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Court of Appeal, Fourth District, Division 2, California.

 The PEOPLE, Plaintiff and Respondent, v. Larry W. BURY, Defendant and Appellant.

No. E017114.

Decided: November 26, 1996

 Ava R. Stralla, under appointment by the Court of Appeal, San Diego, for Defendant and Appellant. Daniel E. Lungren, Attorney General, George Williamson, Chief Assistant Attorney General, Gary W. Schons, Senior Assistant Attorney General, Robert M. Foster, Supervising Deputy Attorney General, and Lilia E. Garcia, Deputy Attorney General, for Plaintiff and Respondent.

Defendant Larry W. Bury appeals from the sentence imposed pursuant to his conviction for petty theft with a prior, alleging several errors in relation to the sentencing.   We affirm.


In an amended information filed March 22, 1995, by the district attorney of Riverside County, defendant was charged with petty theft with a prior conviction (Pen.Code, § 666).1  Three prior offenses were alleged:  robbery in 1975 (§ 211);  possession of controlled substances in 1981 (Health & Saf.Code, § 11377);  and petty theft with a prior in 1990 (§ 666).   It was also alleged that for each of these three prior offenses, defendant did not remain free of prison custody, and committed another crime resulting in a felony conviction during, a period of five years, within the meaning of section 667.5, subdivision (b).   Three special prior offenses were also alleged:  forcible rape in 1980 (§ 261, subd. (2));  forcible oral copulation in 1980 (§ 288a);  and robbery in 1975 (§ 211).   It was also alleged that each of the three special prior offenses were serious and violent felonies within the meaning of sections 667, subdivisions (c) and (e) and 1170.12, subdivision (c).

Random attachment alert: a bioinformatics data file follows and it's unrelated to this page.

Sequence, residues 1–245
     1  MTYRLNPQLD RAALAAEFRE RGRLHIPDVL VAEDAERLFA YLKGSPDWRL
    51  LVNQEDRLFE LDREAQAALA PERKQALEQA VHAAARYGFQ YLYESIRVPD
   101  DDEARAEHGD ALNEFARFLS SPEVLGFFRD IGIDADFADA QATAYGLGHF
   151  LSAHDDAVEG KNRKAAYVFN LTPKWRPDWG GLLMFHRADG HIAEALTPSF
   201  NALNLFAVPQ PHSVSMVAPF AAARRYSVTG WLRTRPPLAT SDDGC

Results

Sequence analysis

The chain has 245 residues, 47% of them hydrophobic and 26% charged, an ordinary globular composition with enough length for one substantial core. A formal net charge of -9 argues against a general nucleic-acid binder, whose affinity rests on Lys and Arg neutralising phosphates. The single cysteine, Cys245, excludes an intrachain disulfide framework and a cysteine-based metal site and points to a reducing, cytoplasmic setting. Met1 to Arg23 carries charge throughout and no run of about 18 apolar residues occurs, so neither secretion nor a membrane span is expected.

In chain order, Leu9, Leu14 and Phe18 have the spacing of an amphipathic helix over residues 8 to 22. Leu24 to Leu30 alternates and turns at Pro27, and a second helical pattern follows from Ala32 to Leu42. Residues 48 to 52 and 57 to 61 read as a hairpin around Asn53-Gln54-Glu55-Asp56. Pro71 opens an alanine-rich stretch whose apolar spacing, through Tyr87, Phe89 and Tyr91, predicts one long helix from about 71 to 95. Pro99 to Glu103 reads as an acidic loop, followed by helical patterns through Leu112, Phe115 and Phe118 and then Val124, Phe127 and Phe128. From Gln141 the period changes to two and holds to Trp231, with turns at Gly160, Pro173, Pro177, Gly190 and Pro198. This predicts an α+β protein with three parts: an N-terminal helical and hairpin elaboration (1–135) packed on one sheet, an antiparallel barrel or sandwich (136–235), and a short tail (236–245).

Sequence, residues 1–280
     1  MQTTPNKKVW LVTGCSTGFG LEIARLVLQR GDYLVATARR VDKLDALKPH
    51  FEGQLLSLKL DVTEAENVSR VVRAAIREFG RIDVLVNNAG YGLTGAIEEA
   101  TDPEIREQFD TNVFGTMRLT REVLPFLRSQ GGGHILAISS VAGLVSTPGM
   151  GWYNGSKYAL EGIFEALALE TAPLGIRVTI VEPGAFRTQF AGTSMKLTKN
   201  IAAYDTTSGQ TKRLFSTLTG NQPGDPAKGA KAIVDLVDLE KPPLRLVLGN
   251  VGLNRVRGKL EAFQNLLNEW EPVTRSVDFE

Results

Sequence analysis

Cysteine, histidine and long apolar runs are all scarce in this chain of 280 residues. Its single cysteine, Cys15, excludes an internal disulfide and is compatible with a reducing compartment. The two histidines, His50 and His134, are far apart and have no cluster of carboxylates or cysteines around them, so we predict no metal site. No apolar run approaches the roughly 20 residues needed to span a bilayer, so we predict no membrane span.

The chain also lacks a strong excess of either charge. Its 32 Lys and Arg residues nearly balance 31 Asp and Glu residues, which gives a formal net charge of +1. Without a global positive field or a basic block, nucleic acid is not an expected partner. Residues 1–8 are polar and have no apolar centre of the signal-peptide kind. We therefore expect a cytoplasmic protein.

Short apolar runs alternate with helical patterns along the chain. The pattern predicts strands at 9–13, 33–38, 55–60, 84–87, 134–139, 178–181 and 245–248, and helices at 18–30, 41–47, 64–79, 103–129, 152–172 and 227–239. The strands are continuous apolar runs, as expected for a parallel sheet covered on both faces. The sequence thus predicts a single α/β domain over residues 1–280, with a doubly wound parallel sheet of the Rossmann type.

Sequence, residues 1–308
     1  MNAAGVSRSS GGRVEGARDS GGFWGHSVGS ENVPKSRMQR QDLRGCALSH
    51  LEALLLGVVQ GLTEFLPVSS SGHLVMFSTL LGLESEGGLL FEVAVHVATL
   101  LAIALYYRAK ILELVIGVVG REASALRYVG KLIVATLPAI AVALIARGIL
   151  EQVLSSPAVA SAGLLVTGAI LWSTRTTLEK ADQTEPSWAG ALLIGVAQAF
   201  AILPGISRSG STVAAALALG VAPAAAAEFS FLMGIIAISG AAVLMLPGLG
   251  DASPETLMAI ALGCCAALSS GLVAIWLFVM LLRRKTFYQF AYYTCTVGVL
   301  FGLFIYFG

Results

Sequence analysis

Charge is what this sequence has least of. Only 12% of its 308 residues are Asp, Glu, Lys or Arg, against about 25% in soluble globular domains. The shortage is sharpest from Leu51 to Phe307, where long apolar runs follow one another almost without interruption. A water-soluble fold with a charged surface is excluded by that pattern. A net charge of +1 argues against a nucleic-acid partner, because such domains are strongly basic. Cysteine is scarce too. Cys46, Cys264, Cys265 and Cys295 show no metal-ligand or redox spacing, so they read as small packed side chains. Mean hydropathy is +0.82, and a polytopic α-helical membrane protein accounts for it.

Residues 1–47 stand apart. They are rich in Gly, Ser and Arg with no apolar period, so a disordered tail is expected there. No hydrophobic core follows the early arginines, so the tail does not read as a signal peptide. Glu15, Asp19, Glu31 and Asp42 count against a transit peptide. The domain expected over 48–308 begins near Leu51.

A jury found defendant guilty of petty theft and, in a separate proceeding, found that all allegations of prior convictions were true.   The court denied motions to strike the prior convictions for forcible rape and forcible oral copulation and to reduce the section 666 violation to a misdemeanor.   Defendant was sentenced to 28 years to life.